Do I need to return a down payment for a job 2from 2 years ago that was never done

UPDATED: Oct 1, 2022

Advertiser Disclosure

It’s all about you. We want to help you make the right legal decisions.

We strive to help you make confident insurance and legal decisions. Finding trusted and reliable insurance quotes and legal advice should be easy. This doesn’t influence our content. Our opinions are our own.

UPDATED: Oct 1, 2022Fact Checked

Get Legal Help Today

Compare Quotes From Top Companies and Save

secured lock Secured with SHA-256 Encryption

Do I need to return a down payment for a job 2from 2 years ago that was never done

The builder hired us the to do concrete work
for a house gave 30 down in 2016 we were set
to start but was deleayed on their half for
different reasons. And now have completely
cancelled the job and want the 30 back

Asked on August 2, 2018 under Business Law, Maryland


SJZ, Member, New York Bar / FreeAdvice Contributing Attorney

Answered 4 years ago | Contributor

Not if they first delayed, then cancelled. When the person who provided the payment is the reason that the job cannot or will not be done, they lose their down payment for the "breach"--or violation--of the agreement under which you agreed to do work for them in exchange for pay, and further agreed (at least implicitly, if not explicitly) that you would hold resources or dates on your calendar for them to get the work done, therefore potentially giving up other work or opportunities. The down payment was to secure your firm agreement and availability to go the job, by making sure that you would receive at least partial payment if the job were cancelled; you did your part, by being ready, willing, and able to work, so if they cancelled the job after you agreed to do it, they lose their down payment.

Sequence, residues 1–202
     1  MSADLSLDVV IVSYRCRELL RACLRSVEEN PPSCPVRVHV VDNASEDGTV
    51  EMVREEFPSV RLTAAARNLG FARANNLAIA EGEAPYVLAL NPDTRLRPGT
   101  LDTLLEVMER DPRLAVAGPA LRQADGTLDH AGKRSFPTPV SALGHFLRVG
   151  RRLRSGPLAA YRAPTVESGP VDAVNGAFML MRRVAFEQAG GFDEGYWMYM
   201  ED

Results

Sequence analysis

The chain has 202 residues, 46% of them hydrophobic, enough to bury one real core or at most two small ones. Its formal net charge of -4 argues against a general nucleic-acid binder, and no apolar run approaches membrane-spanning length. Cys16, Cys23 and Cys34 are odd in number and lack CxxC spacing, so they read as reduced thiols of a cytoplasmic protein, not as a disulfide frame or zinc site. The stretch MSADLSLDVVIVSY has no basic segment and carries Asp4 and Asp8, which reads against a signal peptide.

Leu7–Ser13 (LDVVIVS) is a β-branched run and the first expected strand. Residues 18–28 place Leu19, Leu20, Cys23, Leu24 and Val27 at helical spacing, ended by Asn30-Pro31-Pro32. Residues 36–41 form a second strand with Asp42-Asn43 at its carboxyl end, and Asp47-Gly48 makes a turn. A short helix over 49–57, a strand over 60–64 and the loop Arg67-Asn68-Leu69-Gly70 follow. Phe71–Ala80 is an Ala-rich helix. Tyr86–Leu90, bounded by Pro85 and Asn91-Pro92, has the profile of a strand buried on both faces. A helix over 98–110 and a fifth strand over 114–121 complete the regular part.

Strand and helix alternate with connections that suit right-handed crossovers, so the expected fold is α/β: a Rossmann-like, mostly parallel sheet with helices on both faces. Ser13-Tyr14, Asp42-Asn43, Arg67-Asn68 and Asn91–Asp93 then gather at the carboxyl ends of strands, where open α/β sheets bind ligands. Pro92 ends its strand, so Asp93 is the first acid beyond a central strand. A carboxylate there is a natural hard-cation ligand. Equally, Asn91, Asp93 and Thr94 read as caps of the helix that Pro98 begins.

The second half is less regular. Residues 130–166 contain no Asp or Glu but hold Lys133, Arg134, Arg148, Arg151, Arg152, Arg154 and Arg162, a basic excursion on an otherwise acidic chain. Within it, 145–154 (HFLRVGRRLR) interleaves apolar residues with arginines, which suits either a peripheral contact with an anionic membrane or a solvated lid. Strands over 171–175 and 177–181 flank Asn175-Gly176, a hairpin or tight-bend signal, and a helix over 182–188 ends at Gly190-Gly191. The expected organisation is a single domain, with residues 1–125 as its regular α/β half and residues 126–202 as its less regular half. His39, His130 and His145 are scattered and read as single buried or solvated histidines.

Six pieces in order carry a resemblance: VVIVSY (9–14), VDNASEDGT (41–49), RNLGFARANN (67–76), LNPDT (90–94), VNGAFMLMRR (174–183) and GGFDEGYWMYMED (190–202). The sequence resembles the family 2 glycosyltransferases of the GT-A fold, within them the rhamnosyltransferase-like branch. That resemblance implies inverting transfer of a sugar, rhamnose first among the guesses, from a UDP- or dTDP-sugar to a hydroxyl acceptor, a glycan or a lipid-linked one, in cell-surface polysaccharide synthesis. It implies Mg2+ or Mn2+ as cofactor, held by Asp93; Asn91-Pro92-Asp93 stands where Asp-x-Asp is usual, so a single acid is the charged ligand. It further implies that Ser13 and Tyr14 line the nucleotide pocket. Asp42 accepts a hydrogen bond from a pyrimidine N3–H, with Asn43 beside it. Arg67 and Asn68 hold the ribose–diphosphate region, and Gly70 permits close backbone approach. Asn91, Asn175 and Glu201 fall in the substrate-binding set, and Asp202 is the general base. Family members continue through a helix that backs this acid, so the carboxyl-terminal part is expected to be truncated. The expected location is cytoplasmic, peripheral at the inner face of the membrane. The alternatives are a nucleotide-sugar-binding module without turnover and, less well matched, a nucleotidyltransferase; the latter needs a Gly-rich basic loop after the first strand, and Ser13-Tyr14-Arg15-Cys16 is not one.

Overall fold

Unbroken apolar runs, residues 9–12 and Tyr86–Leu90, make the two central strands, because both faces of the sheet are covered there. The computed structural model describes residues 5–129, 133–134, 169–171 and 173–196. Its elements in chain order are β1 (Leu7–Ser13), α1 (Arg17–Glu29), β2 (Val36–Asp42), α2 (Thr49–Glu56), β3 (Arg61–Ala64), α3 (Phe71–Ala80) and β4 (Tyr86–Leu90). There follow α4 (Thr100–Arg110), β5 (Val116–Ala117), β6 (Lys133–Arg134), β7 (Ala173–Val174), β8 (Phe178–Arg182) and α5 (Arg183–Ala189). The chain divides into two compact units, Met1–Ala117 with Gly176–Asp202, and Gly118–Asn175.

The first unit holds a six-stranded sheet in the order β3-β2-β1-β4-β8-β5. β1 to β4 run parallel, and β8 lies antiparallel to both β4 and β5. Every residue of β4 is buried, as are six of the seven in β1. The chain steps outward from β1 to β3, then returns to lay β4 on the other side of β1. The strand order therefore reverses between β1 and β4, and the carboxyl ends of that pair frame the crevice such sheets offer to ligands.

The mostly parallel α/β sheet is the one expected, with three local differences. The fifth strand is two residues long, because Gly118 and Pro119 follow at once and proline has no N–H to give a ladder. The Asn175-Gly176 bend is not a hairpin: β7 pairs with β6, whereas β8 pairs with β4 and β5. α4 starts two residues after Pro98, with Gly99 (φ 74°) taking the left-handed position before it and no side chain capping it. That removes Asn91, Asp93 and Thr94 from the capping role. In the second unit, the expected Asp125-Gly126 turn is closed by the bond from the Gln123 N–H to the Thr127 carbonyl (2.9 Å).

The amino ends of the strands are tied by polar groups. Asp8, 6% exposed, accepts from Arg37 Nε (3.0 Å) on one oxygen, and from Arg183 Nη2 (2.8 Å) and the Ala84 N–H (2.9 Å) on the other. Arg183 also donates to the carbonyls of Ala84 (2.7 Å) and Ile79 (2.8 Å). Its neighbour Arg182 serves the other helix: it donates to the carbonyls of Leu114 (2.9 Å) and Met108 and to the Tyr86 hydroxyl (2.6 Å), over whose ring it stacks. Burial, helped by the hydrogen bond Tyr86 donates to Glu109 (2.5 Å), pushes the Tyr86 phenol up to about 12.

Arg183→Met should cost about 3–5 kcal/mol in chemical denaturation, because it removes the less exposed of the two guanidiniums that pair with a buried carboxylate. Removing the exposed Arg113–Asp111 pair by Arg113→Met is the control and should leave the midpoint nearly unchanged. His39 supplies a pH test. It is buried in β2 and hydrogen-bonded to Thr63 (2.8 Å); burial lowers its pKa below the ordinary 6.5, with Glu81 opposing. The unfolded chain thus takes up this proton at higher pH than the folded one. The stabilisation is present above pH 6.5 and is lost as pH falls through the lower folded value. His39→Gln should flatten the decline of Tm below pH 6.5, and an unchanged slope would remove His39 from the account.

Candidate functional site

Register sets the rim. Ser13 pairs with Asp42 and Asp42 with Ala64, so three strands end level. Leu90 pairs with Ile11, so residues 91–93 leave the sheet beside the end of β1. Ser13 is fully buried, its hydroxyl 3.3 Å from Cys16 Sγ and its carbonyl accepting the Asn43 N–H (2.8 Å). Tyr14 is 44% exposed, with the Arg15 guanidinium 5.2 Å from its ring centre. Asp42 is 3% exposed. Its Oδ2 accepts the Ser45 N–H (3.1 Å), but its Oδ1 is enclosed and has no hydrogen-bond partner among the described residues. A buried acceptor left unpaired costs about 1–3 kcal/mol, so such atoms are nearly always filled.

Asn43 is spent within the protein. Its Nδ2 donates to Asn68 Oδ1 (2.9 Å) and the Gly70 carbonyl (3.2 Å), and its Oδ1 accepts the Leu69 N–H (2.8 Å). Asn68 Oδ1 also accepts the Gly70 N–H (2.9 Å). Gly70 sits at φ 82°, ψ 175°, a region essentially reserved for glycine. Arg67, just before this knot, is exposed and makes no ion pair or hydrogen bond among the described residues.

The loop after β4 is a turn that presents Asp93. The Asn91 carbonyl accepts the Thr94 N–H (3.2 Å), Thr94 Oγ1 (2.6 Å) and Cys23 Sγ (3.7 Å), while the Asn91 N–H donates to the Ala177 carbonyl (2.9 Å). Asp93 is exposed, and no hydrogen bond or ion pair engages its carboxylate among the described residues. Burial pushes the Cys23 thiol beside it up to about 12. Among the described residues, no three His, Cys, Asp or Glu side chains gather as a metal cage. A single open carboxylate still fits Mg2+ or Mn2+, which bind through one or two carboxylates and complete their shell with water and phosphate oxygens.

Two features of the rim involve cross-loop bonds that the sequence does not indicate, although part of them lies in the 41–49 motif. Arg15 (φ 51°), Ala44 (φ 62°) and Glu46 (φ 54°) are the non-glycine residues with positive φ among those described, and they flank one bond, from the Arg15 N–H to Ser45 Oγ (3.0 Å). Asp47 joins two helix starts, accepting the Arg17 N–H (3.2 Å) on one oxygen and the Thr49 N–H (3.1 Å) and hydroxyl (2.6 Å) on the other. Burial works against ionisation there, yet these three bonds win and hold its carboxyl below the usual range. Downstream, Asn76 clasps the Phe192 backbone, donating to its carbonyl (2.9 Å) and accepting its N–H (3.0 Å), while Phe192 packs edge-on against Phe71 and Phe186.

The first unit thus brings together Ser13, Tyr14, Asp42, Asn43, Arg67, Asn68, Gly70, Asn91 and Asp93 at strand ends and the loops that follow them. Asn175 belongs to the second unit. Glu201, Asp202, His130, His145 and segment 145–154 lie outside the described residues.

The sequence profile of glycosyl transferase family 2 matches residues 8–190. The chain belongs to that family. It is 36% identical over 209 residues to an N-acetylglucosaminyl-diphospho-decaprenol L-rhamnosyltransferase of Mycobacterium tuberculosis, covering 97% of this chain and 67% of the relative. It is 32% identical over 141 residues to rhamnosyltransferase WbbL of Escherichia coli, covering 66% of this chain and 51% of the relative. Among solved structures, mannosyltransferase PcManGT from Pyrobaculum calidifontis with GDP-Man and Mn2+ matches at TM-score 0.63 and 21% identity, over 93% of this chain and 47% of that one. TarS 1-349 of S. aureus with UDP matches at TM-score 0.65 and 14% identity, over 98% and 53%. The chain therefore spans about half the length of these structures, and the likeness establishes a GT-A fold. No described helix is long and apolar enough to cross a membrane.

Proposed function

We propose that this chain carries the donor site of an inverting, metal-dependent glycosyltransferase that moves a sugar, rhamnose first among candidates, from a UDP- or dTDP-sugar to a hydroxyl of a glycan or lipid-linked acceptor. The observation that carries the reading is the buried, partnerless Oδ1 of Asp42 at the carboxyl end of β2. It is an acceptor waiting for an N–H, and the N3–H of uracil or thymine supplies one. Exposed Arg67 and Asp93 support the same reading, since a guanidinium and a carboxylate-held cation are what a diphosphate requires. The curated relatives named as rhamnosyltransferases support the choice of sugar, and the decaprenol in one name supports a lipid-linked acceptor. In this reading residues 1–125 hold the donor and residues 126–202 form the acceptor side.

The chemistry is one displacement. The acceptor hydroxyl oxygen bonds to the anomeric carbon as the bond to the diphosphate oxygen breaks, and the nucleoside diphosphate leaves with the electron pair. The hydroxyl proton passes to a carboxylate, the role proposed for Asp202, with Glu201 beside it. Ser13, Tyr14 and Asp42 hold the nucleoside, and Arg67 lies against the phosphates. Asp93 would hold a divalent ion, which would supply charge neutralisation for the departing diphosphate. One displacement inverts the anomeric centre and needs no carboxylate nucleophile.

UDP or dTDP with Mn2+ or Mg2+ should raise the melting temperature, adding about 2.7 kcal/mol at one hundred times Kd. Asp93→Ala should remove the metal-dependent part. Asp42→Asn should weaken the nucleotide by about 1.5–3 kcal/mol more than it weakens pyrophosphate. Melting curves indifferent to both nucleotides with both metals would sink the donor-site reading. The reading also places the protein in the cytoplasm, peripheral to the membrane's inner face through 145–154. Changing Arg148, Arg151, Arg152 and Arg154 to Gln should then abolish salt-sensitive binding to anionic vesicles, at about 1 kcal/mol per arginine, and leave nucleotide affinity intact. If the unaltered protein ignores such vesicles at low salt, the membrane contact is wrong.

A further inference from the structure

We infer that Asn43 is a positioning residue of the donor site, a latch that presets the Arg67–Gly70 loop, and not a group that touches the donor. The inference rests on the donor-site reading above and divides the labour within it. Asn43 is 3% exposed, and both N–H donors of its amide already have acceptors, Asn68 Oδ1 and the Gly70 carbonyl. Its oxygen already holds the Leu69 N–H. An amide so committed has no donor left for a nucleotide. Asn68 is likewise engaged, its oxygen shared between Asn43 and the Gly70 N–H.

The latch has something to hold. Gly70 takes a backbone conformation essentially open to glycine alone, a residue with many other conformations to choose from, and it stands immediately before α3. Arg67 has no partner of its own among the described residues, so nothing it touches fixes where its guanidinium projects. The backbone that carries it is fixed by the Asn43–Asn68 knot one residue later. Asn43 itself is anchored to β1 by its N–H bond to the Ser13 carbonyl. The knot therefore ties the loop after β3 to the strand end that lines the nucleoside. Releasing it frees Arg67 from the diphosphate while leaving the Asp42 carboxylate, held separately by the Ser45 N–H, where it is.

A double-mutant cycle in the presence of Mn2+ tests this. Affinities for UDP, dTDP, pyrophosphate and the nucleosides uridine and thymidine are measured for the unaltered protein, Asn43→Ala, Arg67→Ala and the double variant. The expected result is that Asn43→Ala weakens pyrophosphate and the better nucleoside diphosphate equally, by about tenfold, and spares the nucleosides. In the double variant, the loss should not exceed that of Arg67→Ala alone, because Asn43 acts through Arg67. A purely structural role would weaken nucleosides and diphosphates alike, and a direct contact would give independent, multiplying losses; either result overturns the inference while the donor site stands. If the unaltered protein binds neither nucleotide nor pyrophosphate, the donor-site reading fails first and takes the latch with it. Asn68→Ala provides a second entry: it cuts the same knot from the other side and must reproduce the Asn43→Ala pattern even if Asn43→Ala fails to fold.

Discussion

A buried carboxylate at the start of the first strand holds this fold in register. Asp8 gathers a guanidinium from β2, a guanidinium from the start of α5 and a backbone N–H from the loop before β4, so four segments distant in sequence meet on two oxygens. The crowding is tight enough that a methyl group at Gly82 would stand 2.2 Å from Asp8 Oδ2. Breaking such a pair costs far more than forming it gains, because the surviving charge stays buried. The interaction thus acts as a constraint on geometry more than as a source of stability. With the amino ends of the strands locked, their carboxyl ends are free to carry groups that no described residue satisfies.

The result would be different if *you* had been the reason the job could not be done: since you cannot keep someone's money while refusing or being unable to work, in that instance, you'd have to return the down payment.

IMPORTANT NOTICE: The Answer(s) provided above are for general information only. The attorney providing the answer was not serving as the attorney for the person submitting the question or in any attorney-client relationship with such person. Laws may vary from state to state, and sometimes change. Tiny variations in the facts, or a fact not set forth in a question, often can change a legal outcome or an attorney's conclusion. Although has verified the attorney was admitted to practice law in at least one jurisdiction, he or she may not be authorized to practice law in the jurisdiction referred to in the question, nor is he or she necessarily experienced in the area of the law involved. Unlike the information in the Answer(s) above, upon which you should NOT rely, for personal advice you can rely upon we suggest you retain an attorney to represent you.

Get Legal Help Today

Find the right lawyer for your legal issue.

secured lock Secured with SHA-256 Encryption